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Open Access

OA Journals

There are two models of Open Access that apply to Journals:

  • GOLD Open Access: Content is delivered by journal publishers and is freely available to the public.  In some cases, a journal provides gold open access only for those individual articles for which an Article Processing Charge (APC) has been paid by the author. The publisher conducts the peer review process. (Gold OA publisher examples: the Public Library of Science and Biomed Central)
  • GREEN Open Access:  The author retains a preprint version of an article and posts it to a repository or website. (see "Authors' Rights section of this guide)  After publication, the author archives the peer-reviewed postprint of the article for public use in an institutional repository or central repository (e.g. PubMed Central). No APC is assessed.  Access is granted to the postprint after a publisher's embargo period has expired (Standard embargo period is 12 months).   

NOTE:  Some funding agencies include clauses to allow for the use of grant funds to cover APC fees, including the National Science Foundation and the National Institutes of Health.

  • SHERPA/RoMEO Database A regularly updated database of peer-reviewed journal publishers’ agreements.  Use it to find publishers or journals that permit deposit of a final version of a paper in a public repository, such as PubMed Central or in an institutional repository, allowing scholars to find the full-text version through a Google search. Authors are able to compare and select the most author-friendly and dissemination-friendly publisher agreement before submitting a paper for publication.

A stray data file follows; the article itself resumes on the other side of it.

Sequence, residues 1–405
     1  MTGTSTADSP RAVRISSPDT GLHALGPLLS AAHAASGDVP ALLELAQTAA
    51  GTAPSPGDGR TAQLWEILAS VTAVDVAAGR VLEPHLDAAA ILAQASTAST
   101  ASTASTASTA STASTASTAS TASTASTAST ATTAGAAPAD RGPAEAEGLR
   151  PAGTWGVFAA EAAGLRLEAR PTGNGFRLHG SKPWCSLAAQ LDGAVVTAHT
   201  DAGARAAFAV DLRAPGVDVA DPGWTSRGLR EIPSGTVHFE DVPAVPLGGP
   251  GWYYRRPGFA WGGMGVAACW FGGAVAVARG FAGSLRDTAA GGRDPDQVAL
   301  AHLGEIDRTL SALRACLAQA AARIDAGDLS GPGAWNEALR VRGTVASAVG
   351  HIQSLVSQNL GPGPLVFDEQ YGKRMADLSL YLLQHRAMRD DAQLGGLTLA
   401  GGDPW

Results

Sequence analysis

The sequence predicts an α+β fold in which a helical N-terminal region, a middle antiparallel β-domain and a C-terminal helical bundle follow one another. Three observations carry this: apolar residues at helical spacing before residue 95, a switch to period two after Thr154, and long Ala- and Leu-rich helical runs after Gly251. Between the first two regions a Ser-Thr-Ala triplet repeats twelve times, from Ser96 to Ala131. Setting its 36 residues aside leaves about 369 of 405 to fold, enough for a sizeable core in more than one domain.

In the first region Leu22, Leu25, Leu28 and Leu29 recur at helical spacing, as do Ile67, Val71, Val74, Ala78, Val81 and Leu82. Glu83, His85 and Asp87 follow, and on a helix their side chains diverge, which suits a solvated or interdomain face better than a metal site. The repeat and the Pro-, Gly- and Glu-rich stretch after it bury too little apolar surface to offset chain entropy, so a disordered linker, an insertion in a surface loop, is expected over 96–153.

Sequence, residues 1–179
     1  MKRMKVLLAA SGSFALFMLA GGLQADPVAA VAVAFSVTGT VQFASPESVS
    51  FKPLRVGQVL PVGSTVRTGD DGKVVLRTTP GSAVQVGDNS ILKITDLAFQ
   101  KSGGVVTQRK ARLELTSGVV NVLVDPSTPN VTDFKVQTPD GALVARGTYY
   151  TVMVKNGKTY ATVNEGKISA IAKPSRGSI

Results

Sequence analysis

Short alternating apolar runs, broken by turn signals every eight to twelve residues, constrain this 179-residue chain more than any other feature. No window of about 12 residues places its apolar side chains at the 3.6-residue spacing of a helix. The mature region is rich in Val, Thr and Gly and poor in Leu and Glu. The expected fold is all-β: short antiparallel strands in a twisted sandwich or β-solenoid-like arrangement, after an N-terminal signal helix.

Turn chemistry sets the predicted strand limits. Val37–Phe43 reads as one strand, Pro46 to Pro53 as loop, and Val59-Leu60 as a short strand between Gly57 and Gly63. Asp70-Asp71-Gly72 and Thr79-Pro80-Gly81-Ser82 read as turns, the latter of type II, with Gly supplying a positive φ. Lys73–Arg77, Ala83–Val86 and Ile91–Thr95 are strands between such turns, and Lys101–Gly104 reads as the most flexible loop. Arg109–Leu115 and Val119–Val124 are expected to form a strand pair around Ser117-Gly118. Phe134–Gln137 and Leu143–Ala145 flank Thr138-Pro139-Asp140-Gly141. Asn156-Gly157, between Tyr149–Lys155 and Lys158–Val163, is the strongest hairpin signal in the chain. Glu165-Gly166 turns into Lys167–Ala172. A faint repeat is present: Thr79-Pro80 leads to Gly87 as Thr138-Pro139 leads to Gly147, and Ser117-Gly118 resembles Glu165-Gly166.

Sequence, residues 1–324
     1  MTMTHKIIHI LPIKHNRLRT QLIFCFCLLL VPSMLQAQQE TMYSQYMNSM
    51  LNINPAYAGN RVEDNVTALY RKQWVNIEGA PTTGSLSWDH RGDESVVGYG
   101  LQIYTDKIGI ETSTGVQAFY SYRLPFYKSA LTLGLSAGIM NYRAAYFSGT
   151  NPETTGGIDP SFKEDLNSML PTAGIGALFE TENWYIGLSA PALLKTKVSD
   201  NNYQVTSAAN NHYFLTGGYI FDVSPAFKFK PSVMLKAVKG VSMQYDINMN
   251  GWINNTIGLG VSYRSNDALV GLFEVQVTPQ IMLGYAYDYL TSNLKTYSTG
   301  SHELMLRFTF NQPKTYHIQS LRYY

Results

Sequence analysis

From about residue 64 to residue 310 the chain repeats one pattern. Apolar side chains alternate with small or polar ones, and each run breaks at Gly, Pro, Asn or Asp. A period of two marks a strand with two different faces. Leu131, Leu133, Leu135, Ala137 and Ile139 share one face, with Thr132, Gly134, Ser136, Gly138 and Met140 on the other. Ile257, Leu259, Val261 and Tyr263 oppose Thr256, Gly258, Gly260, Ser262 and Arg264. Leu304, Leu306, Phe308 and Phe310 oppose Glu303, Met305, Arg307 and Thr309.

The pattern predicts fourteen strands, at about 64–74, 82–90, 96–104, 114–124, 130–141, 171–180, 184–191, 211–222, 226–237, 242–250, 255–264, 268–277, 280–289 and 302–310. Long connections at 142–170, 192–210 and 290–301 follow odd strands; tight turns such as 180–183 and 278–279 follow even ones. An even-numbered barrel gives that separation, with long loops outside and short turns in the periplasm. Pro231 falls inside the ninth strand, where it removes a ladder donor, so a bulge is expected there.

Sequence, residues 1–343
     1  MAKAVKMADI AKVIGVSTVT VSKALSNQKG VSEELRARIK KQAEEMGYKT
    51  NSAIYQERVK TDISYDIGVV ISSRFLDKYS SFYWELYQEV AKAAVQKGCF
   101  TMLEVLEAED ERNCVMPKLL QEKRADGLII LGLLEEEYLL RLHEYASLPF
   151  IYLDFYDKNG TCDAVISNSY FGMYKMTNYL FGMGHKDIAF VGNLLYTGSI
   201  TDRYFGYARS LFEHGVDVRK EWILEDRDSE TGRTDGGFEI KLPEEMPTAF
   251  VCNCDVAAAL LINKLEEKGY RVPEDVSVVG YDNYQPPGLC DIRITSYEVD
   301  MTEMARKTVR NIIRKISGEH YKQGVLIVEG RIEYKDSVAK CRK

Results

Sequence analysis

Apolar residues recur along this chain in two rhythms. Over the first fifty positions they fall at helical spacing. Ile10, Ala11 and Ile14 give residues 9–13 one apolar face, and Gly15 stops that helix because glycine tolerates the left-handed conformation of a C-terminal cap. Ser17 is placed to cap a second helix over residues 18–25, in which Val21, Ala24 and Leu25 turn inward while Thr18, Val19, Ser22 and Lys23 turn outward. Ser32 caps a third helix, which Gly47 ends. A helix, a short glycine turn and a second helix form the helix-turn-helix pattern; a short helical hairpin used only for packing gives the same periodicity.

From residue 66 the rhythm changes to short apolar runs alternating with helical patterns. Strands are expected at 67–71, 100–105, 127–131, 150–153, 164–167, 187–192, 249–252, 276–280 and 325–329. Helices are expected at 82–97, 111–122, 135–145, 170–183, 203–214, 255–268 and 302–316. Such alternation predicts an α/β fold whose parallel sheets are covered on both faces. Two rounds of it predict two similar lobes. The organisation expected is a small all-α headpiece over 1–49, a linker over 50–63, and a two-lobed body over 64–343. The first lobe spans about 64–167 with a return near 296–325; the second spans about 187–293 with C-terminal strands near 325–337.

• See also Sherpa/Juliet which provides current information on research funders'  open access policies and Roarmap, the Registry of Open Access Repository Mandates and Policies, a searchable international registry charting the growth of open access mandates and policies adopted by universities, research institutions and research funders that require or request their researchers to provide open access to their peer-reviewed research article output by depositing it in an open access repository.
  • The Open Access Spectrum Evaluation Tool quantitatively scores journals' degrees of openness.  It offers a concrete, quantifiable mechanism to analyze publications' policies. The OAS Evaluation Tool aims to provide unprecedented insight and transparency into scholarly journals' degree of openness.

More for-profit publishers are supporting open-access titles.  For example, see ScienceDirect's list of OA titles.  Elsevier also gives authors the option to publish open access articles in several of their established journals.  From the linked list you can limit your results to open access journals or journals that contain open access articles.

Cathy Michael

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Cathy Michael
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